Introduction to Philosophy Coursera week 3 Quiz

In this blog you will find the correct answer of the Coursera quiz Introduction to Philosophy Coursera week 3 Quiz mixsaver always try to brings best blogs and best coupon codes

1. Political philosophy is the part of philosophy that


2. Do citizens have an obligation to obey the state and its laws?


3.Acting in accordance with the law




4. The statement ‘Citizens can have obligation to comply with the law without having obligations to obey the law’


5.Socrates suggests grounds for political obligation including



6. Does being benefited always generate obligations?


7.According to Fairness theory


8.A problem for the consent theory is that


9. The problem of political obligation


10. Philosophical anarchism is true

Practice Quiz: Should You Believe What You Hear?

1.What is distinctive of “naturalistic” approaches to philosophy? (Select all that apply.)




2. Which of the following captures Hume’s assumption about basing beliefs on testimony?



3.What assumption of Hume’s did Reid want to challenge?


4. What did Hume think of Reid’s principles of credulity and veracity?

Quiz: Do You Have an Obligation to Obey the Law?



1. What is the problem of political obligation?



2. What is it to obey the law?



3.  What is it to comply with the law?



4. What are the grounds of political obligation?



5. Which of the following have been suggested as possible grounds for political obligation?



6. The benefit theory of political obligation claims that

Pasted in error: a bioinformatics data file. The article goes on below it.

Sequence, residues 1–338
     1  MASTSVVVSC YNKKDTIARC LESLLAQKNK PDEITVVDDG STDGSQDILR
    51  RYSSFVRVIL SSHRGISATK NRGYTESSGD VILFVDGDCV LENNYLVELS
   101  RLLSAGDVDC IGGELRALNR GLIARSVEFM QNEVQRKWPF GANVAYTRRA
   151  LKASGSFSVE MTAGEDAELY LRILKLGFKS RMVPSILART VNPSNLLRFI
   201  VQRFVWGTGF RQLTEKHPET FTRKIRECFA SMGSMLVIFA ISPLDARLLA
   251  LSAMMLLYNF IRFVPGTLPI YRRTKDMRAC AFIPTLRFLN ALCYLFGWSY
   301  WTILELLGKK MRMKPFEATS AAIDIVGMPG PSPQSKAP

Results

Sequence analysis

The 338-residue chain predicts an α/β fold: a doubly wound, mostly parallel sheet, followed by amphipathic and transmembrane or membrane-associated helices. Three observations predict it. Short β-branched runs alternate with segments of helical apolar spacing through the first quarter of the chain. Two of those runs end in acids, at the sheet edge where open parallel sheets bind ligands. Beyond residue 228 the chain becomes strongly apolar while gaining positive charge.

7.The consent theory of political obligation claims that


8. Some examples of giving tacit consent to the state are



9. Philosophical anarchism…


10. If the problem of political obligation can’t be solved,…



Quiz: Should You Believe What You Hear?


1. Which of the following are instances of gaining a belief via testimony? (Select as many boxes as is appropriate.)


2. What are miracles according to Hume’s definition?




3. Why did Hume hold that any miracle is highly unlikely? 



4. Why did Hume and Reid think that we trust our senses without evidence that they are likely to be right?



5.How did Hume think that one ought to assess the likelihood of an event taking place after having acquired testimony that it took place?



6. Reid criticised Hume’s position on testimony on the grounds that:



7. What was Reid’s “principle of credulity”?



8. How did Reid argue for the view that we should believe testimony without first seeking external evidence?



9. Hume argued for the view that we ought not to trust testimony without evidence on the grounds that humans are “hardwired” to be dishonest, and hence we ought not to trust their testimony. True or false?


10. What did Kant take The Enlightenment to consist in?


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